Drug trafficking generates huge profits. So, in poor countries, it attracts many people and manages to create all kind of complicity. That is happening right now in the Sahel-Saharan States. Especially since the idea of drugs "only" passing by this zone ----that is not intended to "our country"-is being enforced. A most serious threat is the ability of traffickers to corrupt leaders and state officials of the region in order to ensure their support.

In other words, drug traffickers have the financial ability to "buy" states and populations. For a while, Muammar Gaddafi generously distributed petrodollars to the presidents and African leaders in exchange for their diplomatic support. Drug dealers do not require any special efforts from the people who are in charge, except closing their eyes. A growing and safe market... safe enough, anyway, to attract more and more people from all condition! And that's where the danger lies because this phenomenon is growing increasingly in the area, with its immutable corollary: corruption. The latest is the other disease afflicting African countries and undermining all chances for development or strengthening of those entities.

To these threats, one may add the Salafist groups who occupied in the recent years the Northern part of Mali, bordering Algeria. These small groups have established good relations with indigenous peoples. They provide some services and are generous with them. Their estimated number varies in between three to five hundred people. They recruit mainly from the ranks of Mauritanians. Their main source of funding is the abduction and kidnapping of Westerners. In recent years, they were able to raise over 100 million dollars from their criminal activity.

Knowing how to use the media with dexterity, Islamic extremists give the impression to the outside world that they are the only ones to be there, and that they control the situation in those countries. The insecurity they maintain over the lives of Western citizens amplifies their activities. But with the death of Osama bin Laden and the outbreak of Arab revolutions, this movement has encountered more difficulties to recruit new soldiers for the Jihad. Therefore, although still present and active, terrorism in these countries has no real prospects for growth.

Although still a problem for the region, the attention to terrorism is hiding the reality on the ground. Since the fight against this global phenomenon is much more covered by the press, the other -more serious-- problems posed to the region are being overshadowed. For example, programs for assistance and/or training the armies of the Sahel-Saharan Africa may come first hand. An effort that is necessary, but not sufficient for solving, once and for all, the problems of this region.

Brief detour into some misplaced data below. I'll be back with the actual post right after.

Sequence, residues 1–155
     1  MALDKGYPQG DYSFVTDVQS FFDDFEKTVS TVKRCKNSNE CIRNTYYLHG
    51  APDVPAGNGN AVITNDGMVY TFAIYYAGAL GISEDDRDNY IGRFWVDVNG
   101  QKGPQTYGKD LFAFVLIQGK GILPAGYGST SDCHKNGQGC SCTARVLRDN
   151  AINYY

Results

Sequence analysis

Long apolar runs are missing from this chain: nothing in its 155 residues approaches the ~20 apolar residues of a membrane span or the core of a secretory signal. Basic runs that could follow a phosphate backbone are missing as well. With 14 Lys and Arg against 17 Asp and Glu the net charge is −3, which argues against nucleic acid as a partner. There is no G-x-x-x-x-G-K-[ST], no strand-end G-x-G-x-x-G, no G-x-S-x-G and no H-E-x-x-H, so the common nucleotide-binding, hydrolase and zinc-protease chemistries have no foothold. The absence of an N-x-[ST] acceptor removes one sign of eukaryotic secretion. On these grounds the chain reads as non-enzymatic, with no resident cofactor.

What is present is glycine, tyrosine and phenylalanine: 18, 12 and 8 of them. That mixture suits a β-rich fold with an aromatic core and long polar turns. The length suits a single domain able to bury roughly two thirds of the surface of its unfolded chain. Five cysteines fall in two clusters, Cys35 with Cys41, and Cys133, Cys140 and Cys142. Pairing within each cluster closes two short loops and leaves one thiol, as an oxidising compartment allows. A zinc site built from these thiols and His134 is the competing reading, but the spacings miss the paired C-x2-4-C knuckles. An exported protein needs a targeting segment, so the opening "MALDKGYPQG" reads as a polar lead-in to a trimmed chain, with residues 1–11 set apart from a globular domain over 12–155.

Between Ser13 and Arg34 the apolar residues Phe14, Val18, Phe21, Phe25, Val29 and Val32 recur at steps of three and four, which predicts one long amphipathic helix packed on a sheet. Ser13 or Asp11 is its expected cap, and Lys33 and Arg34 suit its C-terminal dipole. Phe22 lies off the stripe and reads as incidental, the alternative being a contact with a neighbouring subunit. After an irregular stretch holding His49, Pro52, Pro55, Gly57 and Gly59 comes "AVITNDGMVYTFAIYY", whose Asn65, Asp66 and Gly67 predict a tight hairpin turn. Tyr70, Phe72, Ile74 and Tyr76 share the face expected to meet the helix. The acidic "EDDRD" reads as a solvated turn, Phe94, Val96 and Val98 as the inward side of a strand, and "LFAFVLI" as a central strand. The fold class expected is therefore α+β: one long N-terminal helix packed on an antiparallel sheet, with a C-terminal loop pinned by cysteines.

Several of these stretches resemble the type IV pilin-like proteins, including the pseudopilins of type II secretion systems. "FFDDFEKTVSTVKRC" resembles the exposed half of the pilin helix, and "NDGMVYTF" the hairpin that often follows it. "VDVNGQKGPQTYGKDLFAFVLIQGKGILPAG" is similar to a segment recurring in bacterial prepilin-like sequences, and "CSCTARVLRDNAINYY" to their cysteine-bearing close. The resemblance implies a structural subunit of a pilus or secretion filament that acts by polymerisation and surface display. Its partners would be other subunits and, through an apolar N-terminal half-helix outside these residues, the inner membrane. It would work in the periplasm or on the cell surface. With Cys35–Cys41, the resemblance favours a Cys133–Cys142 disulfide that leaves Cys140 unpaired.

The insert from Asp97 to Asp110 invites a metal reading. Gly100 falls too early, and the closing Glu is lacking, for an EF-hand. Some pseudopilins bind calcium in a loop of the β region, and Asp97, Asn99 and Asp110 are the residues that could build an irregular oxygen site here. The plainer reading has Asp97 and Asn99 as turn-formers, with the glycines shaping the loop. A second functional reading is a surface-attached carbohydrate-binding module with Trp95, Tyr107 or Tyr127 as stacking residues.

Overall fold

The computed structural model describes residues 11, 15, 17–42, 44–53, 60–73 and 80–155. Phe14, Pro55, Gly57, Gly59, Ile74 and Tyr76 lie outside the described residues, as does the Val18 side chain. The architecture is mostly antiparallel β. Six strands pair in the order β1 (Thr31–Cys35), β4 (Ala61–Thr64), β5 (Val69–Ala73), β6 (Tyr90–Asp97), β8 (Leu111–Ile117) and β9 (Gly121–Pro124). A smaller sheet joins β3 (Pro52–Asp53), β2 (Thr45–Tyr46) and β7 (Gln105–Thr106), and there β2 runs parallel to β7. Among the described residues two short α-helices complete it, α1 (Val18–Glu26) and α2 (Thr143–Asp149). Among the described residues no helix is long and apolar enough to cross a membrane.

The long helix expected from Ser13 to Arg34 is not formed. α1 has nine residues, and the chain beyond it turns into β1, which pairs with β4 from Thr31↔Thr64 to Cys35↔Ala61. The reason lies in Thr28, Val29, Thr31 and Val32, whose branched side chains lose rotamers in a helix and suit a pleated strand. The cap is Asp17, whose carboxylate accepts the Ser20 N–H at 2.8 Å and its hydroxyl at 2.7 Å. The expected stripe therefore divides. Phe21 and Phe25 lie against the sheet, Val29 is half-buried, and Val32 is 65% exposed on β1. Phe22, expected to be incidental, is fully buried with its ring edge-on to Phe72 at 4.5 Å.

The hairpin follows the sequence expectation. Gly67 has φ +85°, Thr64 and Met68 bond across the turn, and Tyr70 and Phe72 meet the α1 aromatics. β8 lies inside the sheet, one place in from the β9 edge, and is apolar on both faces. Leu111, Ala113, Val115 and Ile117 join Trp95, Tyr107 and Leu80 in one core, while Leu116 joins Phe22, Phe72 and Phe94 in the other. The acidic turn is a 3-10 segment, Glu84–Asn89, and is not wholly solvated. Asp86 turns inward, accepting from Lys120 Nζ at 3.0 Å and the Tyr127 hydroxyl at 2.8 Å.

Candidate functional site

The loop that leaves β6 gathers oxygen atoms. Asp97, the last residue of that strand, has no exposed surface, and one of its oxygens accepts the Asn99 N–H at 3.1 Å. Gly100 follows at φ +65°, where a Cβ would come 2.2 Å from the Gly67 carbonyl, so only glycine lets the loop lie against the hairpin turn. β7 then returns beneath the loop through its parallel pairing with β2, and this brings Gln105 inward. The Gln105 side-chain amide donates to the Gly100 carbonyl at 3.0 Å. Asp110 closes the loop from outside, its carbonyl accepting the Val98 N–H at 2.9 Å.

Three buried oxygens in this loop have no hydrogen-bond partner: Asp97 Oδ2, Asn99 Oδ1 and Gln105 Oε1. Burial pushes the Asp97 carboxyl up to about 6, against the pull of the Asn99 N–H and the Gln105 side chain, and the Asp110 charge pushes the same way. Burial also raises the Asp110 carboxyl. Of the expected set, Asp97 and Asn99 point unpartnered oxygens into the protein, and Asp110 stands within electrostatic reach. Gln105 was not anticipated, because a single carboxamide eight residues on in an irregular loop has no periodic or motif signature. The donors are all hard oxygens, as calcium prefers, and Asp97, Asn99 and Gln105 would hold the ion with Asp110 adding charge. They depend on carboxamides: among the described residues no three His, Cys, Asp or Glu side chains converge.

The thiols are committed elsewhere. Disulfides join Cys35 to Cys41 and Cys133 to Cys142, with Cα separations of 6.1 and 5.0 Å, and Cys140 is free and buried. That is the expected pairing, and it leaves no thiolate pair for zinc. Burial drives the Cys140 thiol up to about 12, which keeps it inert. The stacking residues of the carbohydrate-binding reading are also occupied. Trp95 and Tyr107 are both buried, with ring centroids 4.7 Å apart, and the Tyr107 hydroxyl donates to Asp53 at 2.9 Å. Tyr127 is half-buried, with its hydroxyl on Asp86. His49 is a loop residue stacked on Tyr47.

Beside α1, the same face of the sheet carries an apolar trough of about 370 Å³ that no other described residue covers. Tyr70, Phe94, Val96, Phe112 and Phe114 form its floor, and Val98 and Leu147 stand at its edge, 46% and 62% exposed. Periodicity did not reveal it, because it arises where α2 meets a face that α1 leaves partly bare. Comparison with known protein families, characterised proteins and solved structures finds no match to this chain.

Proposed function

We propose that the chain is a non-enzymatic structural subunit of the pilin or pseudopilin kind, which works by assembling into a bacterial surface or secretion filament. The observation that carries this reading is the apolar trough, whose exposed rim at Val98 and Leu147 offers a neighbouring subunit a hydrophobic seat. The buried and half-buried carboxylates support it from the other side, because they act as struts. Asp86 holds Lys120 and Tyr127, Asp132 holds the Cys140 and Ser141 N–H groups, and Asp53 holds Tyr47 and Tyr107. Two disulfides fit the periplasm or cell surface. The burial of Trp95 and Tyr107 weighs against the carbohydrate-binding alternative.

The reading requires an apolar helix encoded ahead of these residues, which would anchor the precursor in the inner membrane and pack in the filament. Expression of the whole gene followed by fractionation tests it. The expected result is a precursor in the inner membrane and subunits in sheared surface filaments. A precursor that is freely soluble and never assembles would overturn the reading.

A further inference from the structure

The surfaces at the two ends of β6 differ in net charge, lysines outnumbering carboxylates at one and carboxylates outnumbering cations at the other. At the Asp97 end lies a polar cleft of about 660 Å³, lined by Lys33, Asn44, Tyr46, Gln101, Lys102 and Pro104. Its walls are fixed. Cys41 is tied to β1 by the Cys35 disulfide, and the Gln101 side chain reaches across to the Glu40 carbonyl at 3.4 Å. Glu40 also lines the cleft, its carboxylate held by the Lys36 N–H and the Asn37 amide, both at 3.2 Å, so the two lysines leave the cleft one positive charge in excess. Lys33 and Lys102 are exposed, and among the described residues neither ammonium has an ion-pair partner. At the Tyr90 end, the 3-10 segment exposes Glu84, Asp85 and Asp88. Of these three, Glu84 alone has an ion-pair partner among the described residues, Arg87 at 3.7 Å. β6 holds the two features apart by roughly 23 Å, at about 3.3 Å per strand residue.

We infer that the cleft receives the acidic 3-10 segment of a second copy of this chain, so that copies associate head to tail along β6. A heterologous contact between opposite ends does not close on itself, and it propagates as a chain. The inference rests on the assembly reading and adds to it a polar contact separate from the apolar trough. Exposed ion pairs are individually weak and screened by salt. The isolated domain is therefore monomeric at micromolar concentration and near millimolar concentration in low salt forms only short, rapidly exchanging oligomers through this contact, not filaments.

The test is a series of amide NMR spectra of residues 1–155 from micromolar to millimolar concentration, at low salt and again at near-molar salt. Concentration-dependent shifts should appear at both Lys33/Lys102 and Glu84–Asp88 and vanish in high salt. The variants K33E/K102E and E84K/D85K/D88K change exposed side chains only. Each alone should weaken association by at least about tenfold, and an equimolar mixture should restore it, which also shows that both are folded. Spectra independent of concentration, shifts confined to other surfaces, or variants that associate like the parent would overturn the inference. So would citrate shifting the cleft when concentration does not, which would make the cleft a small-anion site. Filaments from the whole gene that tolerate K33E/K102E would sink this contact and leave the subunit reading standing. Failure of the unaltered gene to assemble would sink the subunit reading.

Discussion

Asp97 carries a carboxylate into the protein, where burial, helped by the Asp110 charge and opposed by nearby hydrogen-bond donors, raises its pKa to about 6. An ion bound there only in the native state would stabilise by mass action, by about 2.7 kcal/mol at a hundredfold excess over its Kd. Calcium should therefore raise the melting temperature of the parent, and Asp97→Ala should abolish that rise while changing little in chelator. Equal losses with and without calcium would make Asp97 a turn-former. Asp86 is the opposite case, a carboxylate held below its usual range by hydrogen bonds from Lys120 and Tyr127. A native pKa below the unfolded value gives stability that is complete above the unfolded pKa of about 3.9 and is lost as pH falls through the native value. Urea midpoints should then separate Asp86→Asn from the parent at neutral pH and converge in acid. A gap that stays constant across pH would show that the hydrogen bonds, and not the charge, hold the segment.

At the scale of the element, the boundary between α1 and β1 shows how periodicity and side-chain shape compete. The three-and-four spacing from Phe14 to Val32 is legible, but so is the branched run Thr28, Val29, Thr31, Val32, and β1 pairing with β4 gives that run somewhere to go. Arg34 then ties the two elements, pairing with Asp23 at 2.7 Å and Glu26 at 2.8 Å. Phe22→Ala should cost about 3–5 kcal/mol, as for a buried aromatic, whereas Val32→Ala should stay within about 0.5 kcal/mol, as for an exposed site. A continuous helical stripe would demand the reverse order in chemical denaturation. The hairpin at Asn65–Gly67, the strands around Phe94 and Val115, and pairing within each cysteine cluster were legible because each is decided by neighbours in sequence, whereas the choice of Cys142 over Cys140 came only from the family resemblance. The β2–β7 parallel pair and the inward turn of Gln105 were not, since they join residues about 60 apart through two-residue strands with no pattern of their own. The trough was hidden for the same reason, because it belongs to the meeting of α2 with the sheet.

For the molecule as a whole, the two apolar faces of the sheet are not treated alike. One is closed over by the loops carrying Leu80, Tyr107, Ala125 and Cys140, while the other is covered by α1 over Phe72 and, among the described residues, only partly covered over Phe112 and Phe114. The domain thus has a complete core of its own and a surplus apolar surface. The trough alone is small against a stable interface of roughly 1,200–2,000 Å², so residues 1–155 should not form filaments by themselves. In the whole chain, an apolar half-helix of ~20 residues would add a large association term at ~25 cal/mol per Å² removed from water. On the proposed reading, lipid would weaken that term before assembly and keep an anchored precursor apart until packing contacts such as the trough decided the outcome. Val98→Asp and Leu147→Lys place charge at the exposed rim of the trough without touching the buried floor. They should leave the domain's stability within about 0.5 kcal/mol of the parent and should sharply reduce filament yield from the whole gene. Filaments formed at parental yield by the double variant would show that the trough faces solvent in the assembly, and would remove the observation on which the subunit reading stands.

Finally, there is the mining exploration. Right now, it is developing dramatically since the region contains many deposits. However, in this part of the world, it may happen that small unlisted companies and some large multinationals violate the rules of transparency and moral's rigor. They may agree to contract "under the table" with corrupt leaders. Tough competition leads them to commit more and more (occult) funds in order to win permits for exploitation. Such a practice, unfortunately, helps create new potentates and revive competition for the conquest of power. This is another cause for concern because of the instability it generates.

These destabilizing factors consistently exceed states, insofar as drug dealers, terrorists or mining prospectors do not allow themselves to be stopped at the borders. Therefore, they are always running ahead what allows them to escape detection. This is why the problems mentioned above cannot be separated. They demand a global response from the regional states and their partners.

Also it would be a grave mistake to believe that a single country can face these problems by itself; or that one should focus only on one aspect such as terrorism. The problems of this region must be treated holistically, without exclusion of any state and away from circumstantial bickering